Remember, while many of us are working to disrupt the incumbents in large industries, we’d still be served to look to them for examples, both good and bad.  After all, we’re working toward being as large as them someday.

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What a few months it’s been, Choose Energy sold to Red Ventures and my partners and I made our first investment into a startup.  These big events have led to a lot of discussions among myself and my friends and colleagues.  This led me to reflect on the biggest factors in my growth up until this point, and it was easy to conclude that I’ve been incredibly lucky to work with so many people who shared their skill sets to help me expand mine and gave me the opportunities to put those newfound skills to work.

Almost 4 years ago I was laid off from NRG Energy.  While I should have been panicked, I had an amazing group of friends from SMU that came to my immediate aid.  There wasn’t anyone I asked who didn’t offer to intro me to their network.   Despite these enormously kind gestures, I had no idea what I wanted to do. What I did know is that I was done with energy and had a pile of student debt that needed paying off.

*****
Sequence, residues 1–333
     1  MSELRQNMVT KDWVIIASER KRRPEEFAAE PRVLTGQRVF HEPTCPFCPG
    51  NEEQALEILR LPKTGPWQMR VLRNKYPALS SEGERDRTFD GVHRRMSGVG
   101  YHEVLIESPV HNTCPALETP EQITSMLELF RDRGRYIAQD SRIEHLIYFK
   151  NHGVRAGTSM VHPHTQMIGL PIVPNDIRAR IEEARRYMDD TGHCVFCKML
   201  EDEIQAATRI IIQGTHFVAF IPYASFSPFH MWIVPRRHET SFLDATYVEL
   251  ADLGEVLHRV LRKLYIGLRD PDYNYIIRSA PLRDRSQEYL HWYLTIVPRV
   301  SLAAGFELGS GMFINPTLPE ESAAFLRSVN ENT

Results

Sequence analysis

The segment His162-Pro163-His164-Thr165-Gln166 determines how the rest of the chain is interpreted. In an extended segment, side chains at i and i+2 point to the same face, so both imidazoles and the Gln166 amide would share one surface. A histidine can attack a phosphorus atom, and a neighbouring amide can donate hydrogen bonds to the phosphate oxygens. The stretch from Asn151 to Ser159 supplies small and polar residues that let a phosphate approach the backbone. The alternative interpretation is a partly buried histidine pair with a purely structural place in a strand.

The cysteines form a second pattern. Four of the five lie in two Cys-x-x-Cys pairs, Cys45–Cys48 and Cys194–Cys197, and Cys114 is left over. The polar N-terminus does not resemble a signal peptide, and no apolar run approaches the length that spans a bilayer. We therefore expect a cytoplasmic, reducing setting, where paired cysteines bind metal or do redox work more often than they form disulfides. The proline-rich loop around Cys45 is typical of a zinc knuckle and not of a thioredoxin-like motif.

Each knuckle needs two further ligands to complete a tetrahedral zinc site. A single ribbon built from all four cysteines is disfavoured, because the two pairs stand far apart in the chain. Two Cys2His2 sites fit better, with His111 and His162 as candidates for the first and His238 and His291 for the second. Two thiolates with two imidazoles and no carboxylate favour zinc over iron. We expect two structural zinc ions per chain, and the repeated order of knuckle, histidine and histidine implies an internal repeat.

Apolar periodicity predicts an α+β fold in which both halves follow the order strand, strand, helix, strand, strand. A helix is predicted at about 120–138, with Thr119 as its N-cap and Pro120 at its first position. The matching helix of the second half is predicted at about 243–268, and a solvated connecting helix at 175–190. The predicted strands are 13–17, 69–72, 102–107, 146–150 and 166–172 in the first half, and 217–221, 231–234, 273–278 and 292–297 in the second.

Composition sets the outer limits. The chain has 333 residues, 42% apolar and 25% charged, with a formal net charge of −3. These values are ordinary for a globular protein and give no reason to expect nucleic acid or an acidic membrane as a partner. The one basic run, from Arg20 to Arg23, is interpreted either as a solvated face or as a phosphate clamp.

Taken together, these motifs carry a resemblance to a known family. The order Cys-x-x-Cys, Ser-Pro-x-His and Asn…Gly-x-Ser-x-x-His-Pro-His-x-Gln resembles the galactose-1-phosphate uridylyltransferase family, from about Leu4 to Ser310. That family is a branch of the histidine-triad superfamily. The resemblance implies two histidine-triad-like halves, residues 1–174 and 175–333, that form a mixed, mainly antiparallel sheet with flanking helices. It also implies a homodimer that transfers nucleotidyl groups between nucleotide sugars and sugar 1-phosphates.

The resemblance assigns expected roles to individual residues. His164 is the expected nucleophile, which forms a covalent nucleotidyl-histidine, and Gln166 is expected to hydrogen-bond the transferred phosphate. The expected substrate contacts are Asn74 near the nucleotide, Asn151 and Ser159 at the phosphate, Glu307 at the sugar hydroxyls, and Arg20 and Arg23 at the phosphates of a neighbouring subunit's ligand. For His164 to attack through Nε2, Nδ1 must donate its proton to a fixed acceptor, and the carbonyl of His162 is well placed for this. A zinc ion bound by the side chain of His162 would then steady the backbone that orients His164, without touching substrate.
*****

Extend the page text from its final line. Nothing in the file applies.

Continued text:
Enter Jerry Dyess.  Job offer in hand (from a chance meeting at a wedding), I agreed to meet Jerry after being introduced to him by a colleague from NRG who had scrambled to help anyone and everyone after the layoffs.  Jerry is the CEO and founder of Choose Energy and among his many skills as a leader, the guy could sell water to a fish.  After 10 minutes I was hooked by his vision for the company and knew I had to be a part of Choose.  It was, and still to this day is, the best career decision I’ve ever made.  Jerry taught me how to be a professional, how to conduct myself in meetings, and how to do subtle things like reading body language.  He also taught me the phrase “things of that nature” which I now use habitually.